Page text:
Methadone

Methadone is a long-acting opioid agonist. It binds to the same receptors in the brain as other opioids, like heroin and oxycodone. The drug helps reduce withdrawal symptoms and feelings of euphoria. 

Naxeltrone

Naxeltrone is another popular alternative to Suboxone. The drug blocks the effects of opioids on the brain. It helps reduce cravings associated with opioid addiction.

Zubsolv

Zubsolv is another brand name for a drug that combines buprenorphine and naloxone. Unlike Suboxone, this drug is available as a tablet.

You must dissolve the tablet in your mouth within 5 minutes. Some prefer Zubsolv over Suboxone because of its taste and ease of administration. 

Precautions for Suboxone

Suboxone can cause severe problems if not taken correctly. As such, follow these precautions for the drug:

  • Always take Suboxone under a doctor’s supervision.
  • Never try to adjust your dosage (such as taking too little or too much) on your own.
  • Keep up with all doctor appointments so they can monitor your progress.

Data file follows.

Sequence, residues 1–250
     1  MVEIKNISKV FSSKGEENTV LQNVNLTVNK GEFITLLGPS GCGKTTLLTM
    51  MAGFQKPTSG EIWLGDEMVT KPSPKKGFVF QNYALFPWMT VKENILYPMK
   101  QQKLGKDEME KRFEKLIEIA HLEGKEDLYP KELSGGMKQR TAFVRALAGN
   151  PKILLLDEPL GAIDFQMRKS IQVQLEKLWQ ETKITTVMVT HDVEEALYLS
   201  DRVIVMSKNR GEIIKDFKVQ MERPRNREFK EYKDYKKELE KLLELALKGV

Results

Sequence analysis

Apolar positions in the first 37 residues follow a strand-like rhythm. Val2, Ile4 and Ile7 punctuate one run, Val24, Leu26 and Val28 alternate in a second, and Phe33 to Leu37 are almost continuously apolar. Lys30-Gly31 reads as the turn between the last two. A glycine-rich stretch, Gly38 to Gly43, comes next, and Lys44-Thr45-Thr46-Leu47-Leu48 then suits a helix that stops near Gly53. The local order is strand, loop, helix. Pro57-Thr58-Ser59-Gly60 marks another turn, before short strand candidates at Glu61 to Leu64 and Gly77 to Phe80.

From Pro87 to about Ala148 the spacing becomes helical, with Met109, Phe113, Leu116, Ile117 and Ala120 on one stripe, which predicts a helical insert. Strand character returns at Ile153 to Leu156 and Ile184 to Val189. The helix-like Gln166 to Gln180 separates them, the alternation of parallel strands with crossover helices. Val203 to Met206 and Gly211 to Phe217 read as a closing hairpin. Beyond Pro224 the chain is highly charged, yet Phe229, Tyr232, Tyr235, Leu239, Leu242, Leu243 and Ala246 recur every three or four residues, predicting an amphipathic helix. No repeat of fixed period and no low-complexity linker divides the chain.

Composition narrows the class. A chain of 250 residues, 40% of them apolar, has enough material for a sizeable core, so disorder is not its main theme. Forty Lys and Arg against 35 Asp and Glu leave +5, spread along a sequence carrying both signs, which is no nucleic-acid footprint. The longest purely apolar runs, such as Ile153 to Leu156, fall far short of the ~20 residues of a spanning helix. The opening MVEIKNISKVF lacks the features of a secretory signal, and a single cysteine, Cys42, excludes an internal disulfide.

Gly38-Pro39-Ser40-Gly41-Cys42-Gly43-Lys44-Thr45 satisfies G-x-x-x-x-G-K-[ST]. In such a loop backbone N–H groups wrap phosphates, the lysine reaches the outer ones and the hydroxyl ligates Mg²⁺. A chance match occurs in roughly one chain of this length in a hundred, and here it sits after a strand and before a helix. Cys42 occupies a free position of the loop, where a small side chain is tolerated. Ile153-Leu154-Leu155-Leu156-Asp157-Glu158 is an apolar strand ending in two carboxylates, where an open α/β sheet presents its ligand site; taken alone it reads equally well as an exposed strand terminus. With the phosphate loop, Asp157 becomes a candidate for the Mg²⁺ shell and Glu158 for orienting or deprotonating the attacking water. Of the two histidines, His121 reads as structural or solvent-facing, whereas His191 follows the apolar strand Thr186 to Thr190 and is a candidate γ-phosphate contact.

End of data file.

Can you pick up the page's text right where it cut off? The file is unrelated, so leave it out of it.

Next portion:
• Be transparent about your medical history, as this can impact Suboxone’s effects on your body.
  • Don’t drink alcohol and take other depressants while on Suboxone. 

{State} Drug Overdose and Mortality Rates

  • In 2014, the death rate per 100,000 was {State[Death Rate Drugs 2014]}.
  • This number went to {State[Death Rate Drugs 2019]} in 2019.
  • The most recent figure for 2021 is {State[Death Rate Drugs 2021]}.

{graph[line,Death Rate Drugs 2014,Death Rate Drugs 2019,Death Rate Drugs 2021]}

Opioid Misuse and Disorders in {State}

  • Percentage of Adult Population Misusing Opioids: {State[Opioid Misuse 18 plus]}
  • Adult Opioid Use Disorder: {State[Opioid Use Disorder 18 plus]} reported a disorder.
  • Youth Opioid Misuse: {State[Opioid Misuse Under 18]} of those under 18 reported misuse.
  • Youth Opioid Use Disorder: {State[Opioid Use Disorder under 18]} reported a disorder.

Overall Need for Drug Treatment in {State}

  • Adults Needing But Not Receiving Treatment (All Drug Types): {State[Need Treatment But Not 18 plus]}.
  • Youth Needing But Not Receiving Treatment (All Drug Types): {State[Need treatment but not under 18]}.

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Sources